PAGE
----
When people think of the animals who suffer at SeaWorld, they often picture orcas. But did you know that the marine park also keeps many other species locked up so that it can make money?
Dozens of beluga whales have died at SeaWorld parks. While those in the ocean can live as long as 50 years, many of those kept in SeaWorld’s cramped concrete tanks have died much earlier than that.
Here’s an interesting fact: Orcas are actually a type of dolphin! Sadly, SeaWorld also imprisons other kinds of dolphins. They’re forced to do tricks in shows, day after day. The park makes some of them spend time with humans in petting pools or “swim with dolphins” experiences. People—even kids—have been bitten by the animals during these activities. Nearly 300 dolphins (not including orcas) have died at SeaWorld.
The penguins’ living areas at SeaWorld are cramped and dirty. A lot of people throw litter into them, and the birds often eat it. One diver who worked there said, “They have penguin surgeries all the time [to remove the objects from the birds] … it’s horrible.”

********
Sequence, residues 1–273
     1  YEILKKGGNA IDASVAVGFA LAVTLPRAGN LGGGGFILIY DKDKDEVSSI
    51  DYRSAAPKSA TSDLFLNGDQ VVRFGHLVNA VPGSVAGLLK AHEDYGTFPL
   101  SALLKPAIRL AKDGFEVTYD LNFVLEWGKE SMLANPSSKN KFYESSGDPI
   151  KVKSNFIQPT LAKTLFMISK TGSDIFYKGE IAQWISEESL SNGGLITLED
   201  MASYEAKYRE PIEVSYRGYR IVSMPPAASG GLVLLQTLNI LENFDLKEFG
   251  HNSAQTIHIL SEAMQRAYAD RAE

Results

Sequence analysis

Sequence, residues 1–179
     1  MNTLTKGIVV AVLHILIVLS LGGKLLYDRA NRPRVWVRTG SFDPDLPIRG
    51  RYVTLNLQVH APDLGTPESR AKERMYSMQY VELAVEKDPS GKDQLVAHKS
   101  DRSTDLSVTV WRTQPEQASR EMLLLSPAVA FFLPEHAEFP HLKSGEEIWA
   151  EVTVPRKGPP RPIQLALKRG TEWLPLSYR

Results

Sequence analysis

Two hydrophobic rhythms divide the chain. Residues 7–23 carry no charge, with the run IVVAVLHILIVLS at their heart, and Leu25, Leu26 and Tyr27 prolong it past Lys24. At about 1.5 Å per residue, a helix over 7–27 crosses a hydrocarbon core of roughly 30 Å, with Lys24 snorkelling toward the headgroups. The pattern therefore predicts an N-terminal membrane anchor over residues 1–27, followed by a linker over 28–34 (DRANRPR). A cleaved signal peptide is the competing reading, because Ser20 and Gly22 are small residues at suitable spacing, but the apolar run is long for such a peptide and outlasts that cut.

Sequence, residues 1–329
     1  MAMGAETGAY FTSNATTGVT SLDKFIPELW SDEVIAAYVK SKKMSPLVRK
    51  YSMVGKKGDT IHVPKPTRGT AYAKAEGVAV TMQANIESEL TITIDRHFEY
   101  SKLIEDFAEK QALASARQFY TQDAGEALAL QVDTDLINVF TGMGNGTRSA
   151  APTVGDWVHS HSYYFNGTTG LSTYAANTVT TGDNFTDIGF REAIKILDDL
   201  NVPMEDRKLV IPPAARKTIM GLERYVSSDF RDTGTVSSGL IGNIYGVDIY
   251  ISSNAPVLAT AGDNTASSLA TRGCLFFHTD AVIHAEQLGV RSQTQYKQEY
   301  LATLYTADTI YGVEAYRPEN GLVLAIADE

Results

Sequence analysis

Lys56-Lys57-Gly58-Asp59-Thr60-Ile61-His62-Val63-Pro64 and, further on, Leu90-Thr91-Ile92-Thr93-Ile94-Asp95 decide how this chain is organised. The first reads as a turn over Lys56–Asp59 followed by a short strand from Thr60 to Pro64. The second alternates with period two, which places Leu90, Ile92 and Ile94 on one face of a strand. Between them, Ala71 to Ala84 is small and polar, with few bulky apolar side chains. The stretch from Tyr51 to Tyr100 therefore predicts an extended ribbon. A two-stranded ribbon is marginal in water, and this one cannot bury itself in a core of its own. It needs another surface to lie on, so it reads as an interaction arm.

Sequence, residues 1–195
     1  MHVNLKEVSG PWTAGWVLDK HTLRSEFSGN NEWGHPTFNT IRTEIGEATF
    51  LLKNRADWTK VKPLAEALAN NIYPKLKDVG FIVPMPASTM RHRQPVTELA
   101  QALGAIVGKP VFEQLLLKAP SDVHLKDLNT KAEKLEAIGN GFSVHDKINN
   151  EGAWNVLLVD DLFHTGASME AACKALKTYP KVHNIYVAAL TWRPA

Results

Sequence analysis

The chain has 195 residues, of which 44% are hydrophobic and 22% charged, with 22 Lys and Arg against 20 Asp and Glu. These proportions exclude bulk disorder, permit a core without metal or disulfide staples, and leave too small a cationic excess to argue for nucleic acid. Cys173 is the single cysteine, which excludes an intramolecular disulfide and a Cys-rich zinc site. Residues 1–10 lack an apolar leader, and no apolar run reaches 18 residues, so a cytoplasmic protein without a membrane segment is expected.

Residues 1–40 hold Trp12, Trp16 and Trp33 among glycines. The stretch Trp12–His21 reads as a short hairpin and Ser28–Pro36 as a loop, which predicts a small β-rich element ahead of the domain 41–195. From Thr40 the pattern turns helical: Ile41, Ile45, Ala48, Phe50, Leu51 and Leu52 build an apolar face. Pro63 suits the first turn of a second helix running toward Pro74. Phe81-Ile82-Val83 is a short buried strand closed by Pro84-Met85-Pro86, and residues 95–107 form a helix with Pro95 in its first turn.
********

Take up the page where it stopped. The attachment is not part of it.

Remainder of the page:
At SeaWorld, there’s not much shade above or below the surface of the water to protect animals from the sun. The lack of shade plus the fact that animals are forced to look directly into the sunlight when begging for fish mean they have a higher risk of suffering from eye damage and disease, which are common in captive seals and sea lions. Walruses at SeaWorld have suffered from eye problems, too. One, named Obie, went blind. He also seemed to have been driven insane by captivity. He and another walrus would press their mouths against the glass of the tank, purposely throw up their food, and then re-swallow it—over and over again.
While we only use five senses, sharks use between eight and 13! This means that living in small touch tanks at SeaWorld is stressful and confusing for them. They want to avoid contact with humans and don’t want to be touched, poked, and prodded.
Even though dozens of stingrays at a time have died in touch tanks at other parks, SeaWorld lets visitors hand-feed rays in a touch tank. This puts the rays in danger and teaches people that these shy animals are here to entertain us, which is just plain wrong.
SeaWorld also uses alligators, manatees, otters, and sea turtles to entertain people.
If you care about animals, please don’t visit SeaWorld or any other place that puts them on display to entertain humans.